2014 Chevrolet Corvette Stingray: Full Circle
October 7, 2014
Back when I was in high school I had the opportunity to drive a relative's Corvette. It was a 1996 with the LT4 motor. The last of the C4s. For a few minutes, I was able to escape the reality of the 1994 Toyota Corolla that served me as basic transportation at the time. It was an unforgettable experience, the details of which I will not go into here, even though the statute of limitations has long since expired.
The LT4 is gone, and my family member misses it terribly. Unless a wave of amnesia hits the office and everybody forgets we have to sell our 2014 Chevrolet Corvette Stingray, one of my favorite cars in our long-term fleet is about to depart. There was no better way to say goodbye than by bringing the Stingray back to where my relationship with Corvettes began.
A round-trip excursion from my house to Palm Desert and back would be my longest trip ever in the 'Vette. Most of my experiences with the car were bouncing between gears one and two during stop-and-go-traffic, flitting around the Santa Monica mountains, and around town cruising. I'd never been on a real highway trip. That meant I begrudgingly activated the heretical "Eco" mode for the first time to see how the sports car rolled along with half its cylinders firing.
Good news: using Eco mode is the only way to travel on long, flat roads. If you're paying close enough attention, you can feel the V8 turn into a V4 and vice versa, but it's mostly invisible. Eco and Touring modes prevent the engine from making its hellscorching roar that is so fun in Sport mode and above, but nobody wants to set the cruise control and have the engine blaring for hours on end. The Corvette does fine GT work when the situation calls for it.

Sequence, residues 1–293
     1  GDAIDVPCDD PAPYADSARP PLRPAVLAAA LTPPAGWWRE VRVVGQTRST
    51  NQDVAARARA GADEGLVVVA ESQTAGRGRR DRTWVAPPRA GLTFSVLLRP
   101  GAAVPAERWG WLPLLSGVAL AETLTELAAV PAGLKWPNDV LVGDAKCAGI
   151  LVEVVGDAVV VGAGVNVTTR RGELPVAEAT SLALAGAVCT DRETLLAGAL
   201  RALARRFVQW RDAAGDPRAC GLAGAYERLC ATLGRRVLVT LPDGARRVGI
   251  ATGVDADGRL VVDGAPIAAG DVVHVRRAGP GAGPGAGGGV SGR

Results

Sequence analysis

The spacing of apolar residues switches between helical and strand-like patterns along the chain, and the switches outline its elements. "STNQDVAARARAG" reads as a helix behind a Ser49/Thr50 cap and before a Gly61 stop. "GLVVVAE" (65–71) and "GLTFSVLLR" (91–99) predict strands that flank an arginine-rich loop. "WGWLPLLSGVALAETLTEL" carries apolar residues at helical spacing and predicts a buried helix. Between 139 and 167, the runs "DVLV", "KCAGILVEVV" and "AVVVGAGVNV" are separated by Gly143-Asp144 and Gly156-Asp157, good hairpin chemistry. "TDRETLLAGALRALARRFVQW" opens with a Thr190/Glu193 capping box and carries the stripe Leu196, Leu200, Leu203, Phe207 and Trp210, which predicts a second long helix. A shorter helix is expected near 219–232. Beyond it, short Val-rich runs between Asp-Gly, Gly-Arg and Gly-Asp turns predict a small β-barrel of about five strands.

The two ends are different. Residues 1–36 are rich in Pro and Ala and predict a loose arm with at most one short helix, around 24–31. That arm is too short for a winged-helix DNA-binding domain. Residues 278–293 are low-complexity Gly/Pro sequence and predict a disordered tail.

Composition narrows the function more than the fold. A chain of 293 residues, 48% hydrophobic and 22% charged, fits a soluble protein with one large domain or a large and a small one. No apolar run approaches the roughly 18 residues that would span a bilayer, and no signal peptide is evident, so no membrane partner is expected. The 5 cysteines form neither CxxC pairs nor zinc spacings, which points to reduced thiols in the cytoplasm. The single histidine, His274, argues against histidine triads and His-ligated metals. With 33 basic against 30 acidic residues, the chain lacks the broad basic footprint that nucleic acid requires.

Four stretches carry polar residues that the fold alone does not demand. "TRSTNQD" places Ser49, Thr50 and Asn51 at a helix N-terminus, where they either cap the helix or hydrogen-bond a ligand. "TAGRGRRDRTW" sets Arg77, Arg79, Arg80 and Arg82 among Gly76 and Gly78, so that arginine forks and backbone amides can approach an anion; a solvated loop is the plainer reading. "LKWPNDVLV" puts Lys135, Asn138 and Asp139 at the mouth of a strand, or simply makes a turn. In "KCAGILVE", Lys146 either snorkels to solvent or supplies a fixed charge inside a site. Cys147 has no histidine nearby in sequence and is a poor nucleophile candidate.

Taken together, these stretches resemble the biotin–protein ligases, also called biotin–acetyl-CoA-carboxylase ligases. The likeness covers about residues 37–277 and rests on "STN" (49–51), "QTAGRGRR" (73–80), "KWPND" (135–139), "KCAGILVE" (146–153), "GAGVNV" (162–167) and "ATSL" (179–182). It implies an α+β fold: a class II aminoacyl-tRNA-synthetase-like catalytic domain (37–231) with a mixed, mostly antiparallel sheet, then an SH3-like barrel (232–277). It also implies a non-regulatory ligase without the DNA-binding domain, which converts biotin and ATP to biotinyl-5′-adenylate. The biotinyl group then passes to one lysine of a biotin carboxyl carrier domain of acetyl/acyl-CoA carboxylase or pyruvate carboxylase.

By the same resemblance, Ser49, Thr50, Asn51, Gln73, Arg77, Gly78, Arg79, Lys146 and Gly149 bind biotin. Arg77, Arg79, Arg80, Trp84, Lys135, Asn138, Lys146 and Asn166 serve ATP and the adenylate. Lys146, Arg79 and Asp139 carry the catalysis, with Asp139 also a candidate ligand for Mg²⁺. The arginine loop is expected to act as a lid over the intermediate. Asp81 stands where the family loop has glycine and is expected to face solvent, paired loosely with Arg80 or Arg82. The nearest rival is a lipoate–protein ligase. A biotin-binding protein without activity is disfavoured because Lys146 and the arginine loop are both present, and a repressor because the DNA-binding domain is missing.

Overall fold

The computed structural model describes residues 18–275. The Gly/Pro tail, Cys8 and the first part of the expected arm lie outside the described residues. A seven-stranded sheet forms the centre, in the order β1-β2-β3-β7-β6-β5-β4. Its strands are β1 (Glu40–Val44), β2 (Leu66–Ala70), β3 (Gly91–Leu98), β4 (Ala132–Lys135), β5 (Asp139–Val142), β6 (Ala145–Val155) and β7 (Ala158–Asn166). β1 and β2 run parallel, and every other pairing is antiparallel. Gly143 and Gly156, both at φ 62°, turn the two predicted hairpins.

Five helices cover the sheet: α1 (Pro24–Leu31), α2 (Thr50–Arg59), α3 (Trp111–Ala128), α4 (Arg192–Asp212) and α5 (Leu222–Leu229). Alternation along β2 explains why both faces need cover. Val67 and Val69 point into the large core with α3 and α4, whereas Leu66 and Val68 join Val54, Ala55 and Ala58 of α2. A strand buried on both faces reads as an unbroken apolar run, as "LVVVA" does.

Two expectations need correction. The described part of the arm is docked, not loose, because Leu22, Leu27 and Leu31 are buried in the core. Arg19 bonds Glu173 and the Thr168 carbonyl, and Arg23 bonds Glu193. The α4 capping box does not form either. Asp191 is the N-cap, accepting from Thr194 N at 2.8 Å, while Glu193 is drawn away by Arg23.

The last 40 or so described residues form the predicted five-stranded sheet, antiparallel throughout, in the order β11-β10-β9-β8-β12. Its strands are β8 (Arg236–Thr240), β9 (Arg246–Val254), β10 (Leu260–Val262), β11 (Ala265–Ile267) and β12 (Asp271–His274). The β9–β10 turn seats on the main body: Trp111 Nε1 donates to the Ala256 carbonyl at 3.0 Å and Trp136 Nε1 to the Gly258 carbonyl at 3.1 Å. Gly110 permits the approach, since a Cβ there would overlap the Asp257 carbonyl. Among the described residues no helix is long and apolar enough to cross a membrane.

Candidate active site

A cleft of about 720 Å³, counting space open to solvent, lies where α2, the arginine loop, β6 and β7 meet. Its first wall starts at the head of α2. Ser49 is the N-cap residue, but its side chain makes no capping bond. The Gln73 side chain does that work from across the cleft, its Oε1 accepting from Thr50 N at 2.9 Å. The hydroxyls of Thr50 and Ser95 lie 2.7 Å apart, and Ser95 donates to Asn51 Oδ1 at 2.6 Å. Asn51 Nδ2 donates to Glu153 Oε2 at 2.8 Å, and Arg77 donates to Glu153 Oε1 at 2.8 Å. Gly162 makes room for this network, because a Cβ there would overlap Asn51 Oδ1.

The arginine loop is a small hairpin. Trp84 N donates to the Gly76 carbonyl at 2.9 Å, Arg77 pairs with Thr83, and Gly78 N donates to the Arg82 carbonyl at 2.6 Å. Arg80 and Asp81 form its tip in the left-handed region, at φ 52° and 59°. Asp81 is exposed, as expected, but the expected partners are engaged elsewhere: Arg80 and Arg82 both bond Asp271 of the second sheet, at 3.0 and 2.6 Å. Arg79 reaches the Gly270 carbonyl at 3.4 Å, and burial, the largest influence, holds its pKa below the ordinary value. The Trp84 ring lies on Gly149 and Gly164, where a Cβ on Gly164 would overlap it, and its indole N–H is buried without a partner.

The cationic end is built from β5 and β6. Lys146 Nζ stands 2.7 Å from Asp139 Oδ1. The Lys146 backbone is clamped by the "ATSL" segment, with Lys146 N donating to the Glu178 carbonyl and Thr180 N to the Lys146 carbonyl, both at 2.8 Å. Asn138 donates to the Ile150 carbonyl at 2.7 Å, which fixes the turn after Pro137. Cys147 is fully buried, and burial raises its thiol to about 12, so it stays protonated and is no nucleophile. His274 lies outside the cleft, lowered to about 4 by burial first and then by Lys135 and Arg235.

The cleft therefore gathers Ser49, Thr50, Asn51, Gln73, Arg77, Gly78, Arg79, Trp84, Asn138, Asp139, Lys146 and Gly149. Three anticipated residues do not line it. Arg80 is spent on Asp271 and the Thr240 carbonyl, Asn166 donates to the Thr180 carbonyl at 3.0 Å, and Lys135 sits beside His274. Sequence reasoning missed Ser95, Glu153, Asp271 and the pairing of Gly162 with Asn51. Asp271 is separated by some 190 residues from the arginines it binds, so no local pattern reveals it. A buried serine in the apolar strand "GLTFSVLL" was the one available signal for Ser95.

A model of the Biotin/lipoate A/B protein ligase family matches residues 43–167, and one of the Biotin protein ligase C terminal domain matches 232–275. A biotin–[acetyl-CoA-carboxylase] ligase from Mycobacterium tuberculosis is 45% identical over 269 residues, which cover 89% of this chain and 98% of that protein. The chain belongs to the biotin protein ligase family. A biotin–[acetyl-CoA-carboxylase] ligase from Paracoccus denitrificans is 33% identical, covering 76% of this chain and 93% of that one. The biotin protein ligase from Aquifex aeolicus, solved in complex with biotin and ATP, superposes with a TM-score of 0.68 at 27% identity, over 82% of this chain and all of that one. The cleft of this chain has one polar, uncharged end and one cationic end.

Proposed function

We arrived in Palm Springs, where the Corvette received a warm welcome. Aesthetically, its Lime Rock Green paint and black/Kalahari (brown) interior color combo were salivated over, and things only got better when the engine was fired up. Click it into Sport mode, nail the throttle, and you'll know why the $1,195 optional dual-mode exhaust is a must-have.
We drove around for a little while, and my passenger got to relive the Corvette experience, if just for a little while. Corvettes have come a long way in 18 years. He exclaimed the C7 was easily ten times the car he used to own.
As I left Palm Springs, I reflected on the green rocket I was fortunate enough to pilot on that desert road back home. The entire weekend was me inanely repeating, "I'm going to really miss this car when we sell it" to my very patient girlfriend, but the praise is earned. If you desire an affordable sports car that is adept around the track at Lime Rock Park as it is calm and reserved on a long road trip, the Corvette will leave you wanting for nothing.
And it's still an attention grabber. The C7 has been on sale for a year now, and I still get thumbs up from other drivers and requests for pictures (with me out of frame, of course). I even had a pedestrian miming a tear falling from his face as he walked in front of the car.
So I'll say it again, because it bears repeating. I'm going to miss the Stingray, for its beauty, performance, and the fact that we will not have any cars equipped with a manual trans once it's gone. Goodbye, Green Buddy. It's been a blast.
Cameron Rogers, Vehicle Testing Assistant @ 26,580 miles